Not impossible, you just need to apply more grunt...

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Old 03-18-2013, 09:07 AM   #7
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Modern tyres have grippier rubber and seem to be more stable than the tyres of old. I currently like the Michelin pilot actives which are available in the right sizes for our bikes.

Charles
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Old 03-18-2013, 09:19 AM   #8
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AVon Roadriders have done me well, 11,000k and some change, must've made that set extra thick? I ride alone and with minimal luggage. I would like something more agressive for my next set though.
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Old 03-18-2013, 10:45 AM   #9
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And new tires tend to follow rain grooves and "longitudinal road imperfections" much less. I was astounded when I changed from "traditional" Conti's to Avon Roadriders.

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Old 03-18-2013, 10:59 AM   #10
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Excellent fellas! thanks for all the great input, guess I will ditch the idea of period correctness and go for more modern performance!
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Old 03-18-2013, 01:12 PM   #11
Big Bamboo
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While you're at it, check out the prices of Bridgestone S-11 Spitfires. They are dual compound rubber, harder in the centers, and I've gotten truly impressive mileage out of mine.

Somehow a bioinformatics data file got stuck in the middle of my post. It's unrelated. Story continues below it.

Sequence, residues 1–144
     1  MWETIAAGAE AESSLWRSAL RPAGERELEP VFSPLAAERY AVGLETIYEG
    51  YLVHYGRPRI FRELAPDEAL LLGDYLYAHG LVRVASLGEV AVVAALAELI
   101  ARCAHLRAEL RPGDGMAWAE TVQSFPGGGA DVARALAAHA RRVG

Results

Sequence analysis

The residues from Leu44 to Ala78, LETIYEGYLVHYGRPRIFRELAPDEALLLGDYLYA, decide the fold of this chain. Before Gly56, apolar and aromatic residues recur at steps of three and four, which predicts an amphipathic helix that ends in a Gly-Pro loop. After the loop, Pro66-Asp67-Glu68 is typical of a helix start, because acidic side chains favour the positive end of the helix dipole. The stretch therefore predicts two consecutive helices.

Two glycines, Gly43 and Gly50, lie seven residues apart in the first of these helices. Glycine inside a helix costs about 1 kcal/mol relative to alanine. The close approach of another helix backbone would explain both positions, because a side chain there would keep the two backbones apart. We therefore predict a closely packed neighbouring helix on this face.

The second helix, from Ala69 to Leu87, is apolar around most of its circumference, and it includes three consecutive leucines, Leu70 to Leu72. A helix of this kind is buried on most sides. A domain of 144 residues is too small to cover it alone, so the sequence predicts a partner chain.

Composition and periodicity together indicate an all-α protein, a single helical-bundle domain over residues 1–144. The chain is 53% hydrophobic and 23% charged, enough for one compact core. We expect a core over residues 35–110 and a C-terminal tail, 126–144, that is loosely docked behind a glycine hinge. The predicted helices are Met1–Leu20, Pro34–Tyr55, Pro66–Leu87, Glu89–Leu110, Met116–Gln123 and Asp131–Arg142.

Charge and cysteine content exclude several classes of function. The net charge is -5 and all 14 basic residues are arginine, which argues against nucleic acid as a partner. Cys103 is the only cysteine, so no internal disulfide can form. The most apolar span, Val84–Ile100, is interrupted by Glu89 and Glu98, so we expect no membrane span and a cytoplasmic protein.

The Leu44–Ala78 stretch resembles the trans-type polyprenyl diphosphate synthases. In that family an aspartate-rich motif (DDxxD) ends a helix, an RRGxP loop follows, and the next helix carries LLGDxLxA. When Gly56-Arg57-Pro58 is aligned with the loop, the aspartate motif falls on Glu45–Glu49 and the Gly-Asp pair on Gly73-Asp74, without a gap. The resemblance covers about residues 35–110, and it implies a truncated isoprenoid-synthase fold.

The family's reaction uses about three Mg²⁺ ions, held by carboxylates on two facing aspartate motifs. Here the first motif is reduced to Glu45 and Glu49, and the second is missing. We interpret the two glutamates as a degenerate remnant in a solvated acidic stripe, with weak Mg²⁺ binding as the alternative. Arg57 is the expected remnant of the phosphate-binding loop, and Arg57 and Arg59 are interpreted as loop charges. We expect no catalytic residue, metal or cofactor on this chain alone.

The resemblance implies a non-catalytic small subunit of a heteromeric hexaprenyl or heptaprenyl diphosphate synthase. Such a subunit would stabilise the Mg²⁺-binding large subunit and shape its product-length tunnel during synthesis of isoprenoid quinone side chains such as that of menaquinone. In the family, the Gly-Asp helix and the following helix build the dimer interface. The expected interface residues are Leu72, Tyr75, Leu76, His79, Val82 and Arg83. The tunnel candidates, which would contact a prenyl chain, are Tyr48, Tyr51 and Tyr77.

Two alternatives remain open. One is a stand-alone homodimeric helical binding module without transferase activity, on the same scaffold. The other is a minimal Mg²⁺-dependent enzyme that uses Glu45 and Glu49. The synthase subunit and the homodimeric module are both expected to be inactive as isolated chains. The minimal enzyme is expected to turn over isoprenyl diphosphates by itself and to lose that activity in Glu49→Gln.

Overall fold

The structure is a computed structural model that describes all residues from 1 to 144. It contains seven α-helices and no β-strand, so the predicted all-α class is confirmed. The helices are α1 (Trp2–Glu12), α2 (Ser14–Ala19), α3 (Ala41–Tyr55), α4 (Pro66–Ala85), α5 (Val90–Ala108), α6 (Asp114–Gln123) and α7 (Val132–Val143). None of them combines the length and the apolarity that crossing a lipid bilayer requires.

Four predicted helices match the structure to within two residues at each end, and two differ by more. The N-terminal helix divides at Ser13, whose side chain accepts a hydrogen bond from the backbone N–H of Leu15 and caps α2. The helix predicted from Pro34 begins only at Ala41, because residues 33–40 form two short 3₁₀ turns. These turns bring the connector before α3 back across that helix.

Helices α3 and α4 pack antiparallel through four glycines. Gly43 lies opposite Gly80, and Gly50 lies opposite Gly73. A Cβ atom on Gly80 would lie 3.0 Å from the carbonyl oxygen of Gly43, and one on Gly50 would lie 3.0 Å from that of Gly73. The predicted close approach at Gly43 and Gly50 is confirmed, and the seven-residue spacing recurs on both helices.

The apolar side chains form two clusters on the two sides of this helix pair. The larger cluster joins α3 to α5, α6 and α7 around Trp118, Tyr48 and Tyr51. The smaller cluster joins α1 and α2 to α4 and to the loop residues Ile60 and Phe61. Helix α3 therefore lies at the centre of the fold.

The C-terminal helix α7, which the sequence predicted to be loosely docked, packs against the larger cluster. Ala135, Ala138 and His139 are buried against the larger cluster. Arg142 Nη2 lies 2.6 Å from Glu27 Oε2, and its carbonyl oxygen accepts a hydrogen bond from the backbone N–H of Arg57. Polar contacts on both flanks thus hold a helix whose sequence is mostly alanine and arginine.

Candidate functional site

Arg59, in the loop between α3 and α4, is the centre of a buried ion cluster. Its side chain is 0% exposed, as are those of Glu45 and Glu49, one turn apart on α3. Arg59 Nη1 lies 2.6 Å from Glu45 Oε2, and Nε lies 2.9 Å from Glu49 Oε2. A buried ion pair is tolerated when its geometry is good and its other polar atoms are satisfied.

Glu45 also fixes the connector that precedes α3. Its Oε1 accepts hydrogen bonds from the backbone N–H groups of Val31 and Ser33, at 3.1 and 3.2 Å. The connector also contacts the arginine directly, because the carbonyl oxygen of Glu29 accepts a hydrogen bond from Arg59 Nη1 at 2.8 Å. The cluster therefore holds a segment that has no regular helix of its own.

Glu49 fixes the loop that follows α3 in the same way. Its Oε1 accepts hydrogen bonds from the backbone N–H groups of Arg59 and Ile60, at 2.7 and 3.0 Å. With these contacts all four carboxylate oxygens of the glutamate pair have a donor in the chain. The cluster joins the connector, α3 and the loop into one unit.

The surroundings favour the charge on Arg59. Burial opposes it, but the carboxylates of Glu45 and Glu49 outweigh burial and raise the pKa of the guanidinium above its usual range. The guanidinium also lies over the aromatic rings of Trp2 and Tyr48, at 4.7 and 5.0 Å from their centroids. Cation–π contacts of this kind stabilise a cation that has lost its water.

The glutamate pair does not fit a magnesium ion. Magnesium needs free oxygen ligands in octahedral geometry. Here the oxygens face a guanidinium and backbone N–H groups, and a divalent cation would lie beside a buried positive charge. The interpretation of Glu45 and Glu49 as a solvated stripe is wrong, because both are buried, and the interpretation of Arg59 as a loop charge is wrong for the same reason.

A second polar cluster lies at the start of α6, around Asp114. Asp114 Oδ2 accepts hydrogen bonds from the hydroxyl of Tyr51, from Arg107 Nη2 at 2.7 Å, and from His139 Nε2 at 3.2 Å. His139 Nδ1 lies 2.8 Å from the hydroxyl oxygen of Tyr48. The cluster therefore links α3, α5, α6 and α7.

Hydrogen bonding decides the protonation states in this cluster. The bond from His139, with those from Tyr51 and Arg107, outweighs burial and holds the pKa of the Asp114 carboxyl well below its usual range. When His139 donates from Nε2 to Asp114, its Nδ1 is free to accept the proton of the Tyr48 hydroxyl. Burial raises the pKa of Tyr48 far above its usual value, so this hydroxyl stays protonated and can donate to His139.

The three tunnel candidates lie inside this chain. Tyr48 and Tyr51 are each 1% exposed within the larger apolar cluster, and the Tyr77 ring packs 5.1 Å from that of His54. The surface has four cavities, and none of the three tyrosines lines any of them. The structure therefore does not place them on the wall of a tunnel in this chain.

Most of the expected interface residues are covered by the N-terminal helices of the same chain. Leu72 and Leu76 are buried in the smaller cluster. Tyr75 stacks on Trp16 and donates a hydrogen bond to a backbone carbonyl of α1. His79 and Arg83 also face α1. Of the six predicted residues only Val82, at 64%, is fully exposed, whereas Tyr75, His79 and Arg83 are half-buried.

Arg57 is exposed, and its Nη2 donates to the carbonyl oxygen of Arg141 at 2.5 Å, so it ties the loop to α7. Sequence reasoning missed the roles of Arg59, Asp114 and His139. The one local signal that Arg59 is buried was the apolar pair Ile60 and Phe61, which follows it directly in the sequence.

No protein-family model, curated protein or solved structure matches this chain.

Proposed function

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Old 03-18-2013, 01:13 PM   #12
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Originally Posted by ML WYDELL View Post
AVon Roadriders have done me well, 11,000k and some change, must've made that set extra thick? I ride alone and with minimal luggage. I would like something more agressive for my next set though.
+1000 I love these tires.

Marc
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Old 03-18-2013, 03:08 PM   #13
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michelin pilot activs in the correct bmw sizes, great tyres
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Old 03-18-2013, 03:41 PM   #14
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michelin pilot activs in the correct bmw sizes, great tyres
+1 Michelin Pilot Activs work well for me.
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Old 03-18-2013, 04:01 PM   #15
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And don't use period tyre pressures......36 front and around 40 rear seems to work well for most modern tyres